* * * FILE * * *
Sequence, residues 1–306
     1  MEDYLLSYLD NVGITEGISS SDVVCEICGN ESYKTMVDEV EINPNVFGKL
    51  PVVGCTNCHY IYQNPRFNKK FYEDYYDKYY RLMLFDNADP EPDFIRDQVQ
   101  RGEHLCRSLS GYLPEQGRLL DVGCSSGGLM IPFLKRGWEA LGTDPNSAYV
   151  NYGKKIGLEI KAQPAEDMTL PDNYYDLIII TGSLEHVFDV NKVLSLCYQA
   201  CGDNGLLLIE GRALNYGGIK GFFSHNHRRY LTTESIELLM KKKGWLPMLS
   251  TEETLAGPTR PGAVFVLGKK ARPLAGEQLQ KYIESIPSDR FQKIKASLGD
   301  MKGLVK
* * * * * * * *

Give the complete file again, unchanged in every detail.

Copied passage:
Sequence, residues 1–306
     1  MEDYLLSYLD NVGITEGISS SDVVCEICGN ESYKTMVDEV EINPNVFGKL
    51  PVVGCTNCHY IYQNPRFNKK FYEDYYDKYY RLMLFDNADP EPDFIRDQVQ
   101  RGEHLCRSLS GYLPEQGRLL DVGCSSGGLM IPFLKRGWEA LGTDPNSAYV
   151  NYGKKIGLEI KAQPAEDMTL PDNYYDLIII TGSLEHVFDV NKVLSLCYQA
   201  CGDNGLLLIE GRALNYGGIK GFFSHNHRRY LTTESIELLM KKKGWLPMLS
   251  TEETLAGPTR PGAVFVLGKK ARPLAGEQLQ KYIESIPSDR FQKIKASLGD
   301  MKGLVK